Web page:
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Posted by UpNup | Jan 15, 2021 @ 04:07 PM | 6,459 Views
No manual exists. I saw an ancient blurry photo online that held the key.

1. Epoxy ply rails in place, buttress them, and drill holes. It is easy to do this if the fuselage is not fully in place. Otherwise you’ll have to cut. Use a micro-saw against the grain of balsa and a hobby knife with the grain.

2. Connect the steering mechanism first. Run a stiff line from rudder servo to the clevis at the swivel point. I’d recommend a braided cable if a wire rod isn’t available. I ran mine inside a flex tube that was epoxied to the fuse every two inches. The steering mechanism must swing parallel to the motion of the retract. The nose wheel strut must be firmly held into place by an Allen screw.

3. Open the control rod metal clevis and put the outermost swing arm inside the clevis pin. Make sure the clevis pin goes to the outside away from the strut. Put a metal clip in the brass pin of the clevis. Do not use any other method to secure the clevis such as a 1/16” portion of fuel line.

4. Make sure the nose retract locks both down and up. The control rod clevis for the retract must match the distance. I recommend doing this in the down position.

5. Screw the retract in place making sure the blind nuts seat or bite firmly into the ply rail.

6. A mechanical retract typically uses one strong servo and bends wires into a round servo control piece. Make sure the servo is the the down position when hooking up the clevis arms on the retracts.

Note. The photos were taken when replacing broken retracts that had been epoxied into place. The Hobbico mechanical retracts from 1995 did not match the holes of their 1999 version. All the innards did match, so I swapped out the sides. For whatever reason both old and new nose wheel retracts had rail screws glued into place. Two of the four screws in EACH retract had to be sawed off.
Posted by UpNup | Jan 15, 2021 @ 12:00 PM | 3,969 Views
An RC Pilot Goes to Heaven

One day when life is over
And before my Lord I stand,
He’ll look at me with eternal love
And a model in His hand.

It’ll look just like the one I flew
Upon the wind so free.
I’d built it in my shop to fly
And from the world set free.

Jesus held it out for me
And asked me how it flew.
Memories came flooding in right then
It was my life reviewed.

He asked me if I’d really felt
The Creator’s hand in mine?
To plan, to cut, to sand, and coat,
Until the plane was fine.

He opened my mind to see the save
When that earthward plunge pulled up
I saw His hand beneath the wings
And yet I counted it luck.

I heard my heart then heave a sigh
When flying out of sight
Up and up, it went so high,
No longer in the sky.

A little prayer I’d prayed that day
He’d heard it bye and bye.
But I missed how He comforted me
Flying buddies by my side.

I remembered all with clarity
No longer with remorse.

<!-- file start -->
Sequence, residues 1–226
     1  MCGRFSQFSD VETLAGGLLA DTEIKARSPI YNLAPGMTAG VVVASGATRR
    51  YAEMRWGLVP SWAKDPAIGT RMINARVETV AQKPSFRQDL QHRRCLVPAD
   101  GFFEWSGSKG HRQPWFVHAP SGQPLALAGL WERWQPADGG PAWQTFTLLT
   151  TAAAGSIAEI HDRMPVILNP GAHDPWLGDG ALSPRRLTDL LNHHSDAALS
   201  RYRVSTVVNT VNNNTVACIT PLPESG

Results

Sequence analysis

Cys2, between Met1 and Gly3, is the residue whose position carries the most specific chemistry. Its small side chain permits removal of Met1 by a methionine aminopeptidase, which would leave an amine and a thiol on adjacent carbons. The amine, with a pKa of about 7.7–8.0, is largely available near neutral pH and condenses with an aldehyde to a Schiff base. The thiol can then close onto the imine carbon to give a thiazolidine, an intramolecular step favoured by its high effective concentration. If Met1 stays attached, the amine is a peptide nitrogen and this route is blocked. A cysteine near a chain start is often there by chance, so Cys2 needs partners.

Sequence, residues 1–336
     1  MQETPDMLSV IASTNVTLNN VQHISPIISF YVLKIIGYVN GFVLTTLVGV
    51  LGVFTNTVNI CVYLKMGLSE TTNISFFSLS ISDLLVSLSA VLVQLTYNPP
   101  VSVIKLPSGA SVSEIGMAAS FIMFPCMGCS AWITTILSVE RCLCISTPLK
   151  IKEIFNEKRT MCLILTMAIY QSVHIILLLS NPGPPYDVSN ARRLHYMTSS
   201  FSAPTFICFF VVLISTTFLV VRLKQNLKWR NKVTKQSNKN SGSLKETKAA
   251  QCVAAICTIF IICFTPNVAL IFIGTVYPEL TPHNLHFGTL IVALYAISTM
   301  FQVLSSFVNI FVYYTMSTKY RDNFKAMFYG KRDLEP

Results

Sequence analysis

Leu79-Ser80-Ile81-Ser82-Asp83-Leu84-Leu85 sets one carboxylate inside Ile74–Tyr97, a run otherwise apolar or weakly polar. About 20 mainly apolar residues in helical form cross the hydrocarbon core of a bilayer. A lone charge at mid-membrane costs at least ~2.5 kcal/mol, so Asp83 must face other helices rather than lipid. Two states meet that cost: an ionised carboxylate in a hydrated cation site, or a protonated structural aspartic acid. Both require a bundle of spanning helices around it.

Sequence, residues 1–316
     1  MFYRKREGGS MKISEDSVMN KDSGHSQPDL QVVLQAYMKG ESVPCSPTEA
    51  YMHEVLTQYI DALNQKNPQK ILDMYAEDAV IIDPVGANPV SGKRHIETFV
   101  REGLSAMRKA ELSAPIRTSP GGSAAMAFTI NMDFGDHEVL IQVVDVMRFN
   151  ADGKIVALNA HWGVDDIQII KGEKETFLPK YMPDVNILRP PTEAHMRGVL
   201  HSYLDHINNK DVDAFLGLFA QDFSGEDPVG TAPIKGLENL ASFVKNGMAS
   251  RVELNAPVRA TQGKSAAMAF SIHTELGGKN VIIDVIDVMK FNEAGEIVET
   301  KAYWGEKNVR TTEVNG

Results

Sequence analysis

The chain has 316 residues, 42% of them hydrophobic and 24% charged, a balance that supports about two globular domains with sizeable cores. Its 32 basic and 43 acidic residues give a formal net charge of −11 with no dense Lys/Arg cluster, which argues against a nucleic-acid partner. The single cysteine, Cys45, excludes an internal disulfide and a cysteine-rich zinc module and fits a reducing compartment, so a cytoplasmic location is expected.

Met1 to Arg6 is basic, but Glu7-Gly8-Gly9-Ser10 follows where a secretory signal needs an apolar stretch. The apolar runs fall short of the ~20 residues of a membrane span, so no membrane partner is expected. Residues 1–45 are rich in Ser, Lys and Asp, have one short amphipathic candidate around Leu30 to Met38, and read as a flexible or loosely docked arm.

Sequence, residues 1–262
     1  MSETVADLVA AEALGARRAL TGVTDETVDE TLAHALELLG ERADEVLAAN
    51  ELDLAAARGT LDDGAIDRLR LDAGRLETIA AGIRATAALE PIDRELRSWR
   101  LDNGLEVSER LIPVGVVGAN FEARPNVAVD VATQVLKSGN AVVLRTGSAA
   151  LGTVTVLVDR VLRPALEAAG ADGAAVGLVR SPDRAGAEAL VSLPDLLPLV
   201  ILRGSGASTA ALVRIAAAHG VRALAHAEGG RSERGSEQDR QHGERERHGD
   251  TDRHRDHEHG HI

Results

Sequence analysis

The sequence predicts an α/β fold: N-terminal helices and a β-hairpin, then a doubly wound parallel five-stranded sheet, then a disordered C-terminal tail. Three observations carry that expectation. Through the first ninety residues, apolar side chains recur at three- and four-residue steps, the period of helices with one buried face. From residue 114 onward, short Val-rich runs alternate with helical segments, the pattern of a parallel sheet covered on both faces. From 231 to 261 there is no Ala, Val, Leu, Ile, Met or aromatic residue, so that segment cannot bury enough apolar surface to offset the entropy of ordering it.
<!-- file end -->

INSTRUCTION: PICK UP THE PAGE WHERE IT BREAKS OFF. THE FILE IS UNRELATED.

The Lord had been there all along,
A Friend to me, of course.

I took the plane from the Master’s Hands
And looked at it anew.
Jesus had kept it safely here
A joy for me He knew.

I launched the plane, it flew away.
‘Twas perfect now like me.
I saw the twinkle in His eye,
A friend to modelers He.
Posted by UpNup | Jan 08, 2021 @ 09:13 PM | 2,436 Views
Today I submitted Harley Michaelis’ name to the AMA’s Hall of Fame review group. My nomination gave them seven pages including a cover page, their nomination form, biography, achievements, testimonials, links to articles and videos, and a page of photos.

It was good to review my past year interacting with Harley. He died October 12, 2020 and his ashes were buried next to Patricia in Walla Walla, Wash.

Harley was 99 years old and had outlived so many that he had trained, competed against, and inspired. He had become a Christian two years after marrying Patricia and lived out his faith.

He deserved this nomination. I’m glad to have made a long overdue nomination.
Posted by UpNup | Dec 27, 2020 @ 01:42 PM | 8,762 Views
Tore into the fuse and cut the fins free with a micro saw. Got them to stand up by bending the dual rudder control rods. Punch list:

:: Continue stripping off the covering
:: epoxy the stabs in the upright position.
:: Lots of balsa repair to come.

The conversion from FA-18 to F-15 is progressing nicely.
Posted by UpNup | Dec 23, 2020 @ 06:29 PM | 6,991 Views
Went back to my DC FA-18 prop jet. I’m converting it to an F-15 and from glow to electric.

:: extended the engines a good 2” and transitioned from rounded to squared engine sides.

:: pulled out the retracts which had been encased in epoxy. Really disappointed to learn two of the three were broken including the steerable nose gear.

:: created four AIM-120 missiles. At 1/16 scale, they’re smallish, but a scale 1/12 is big and really heavy.

:: painted up a pilot that I was given free. The vacuum formed plastic didn’t have much detail such as ribs on the air hose. (Thanks Sparky!)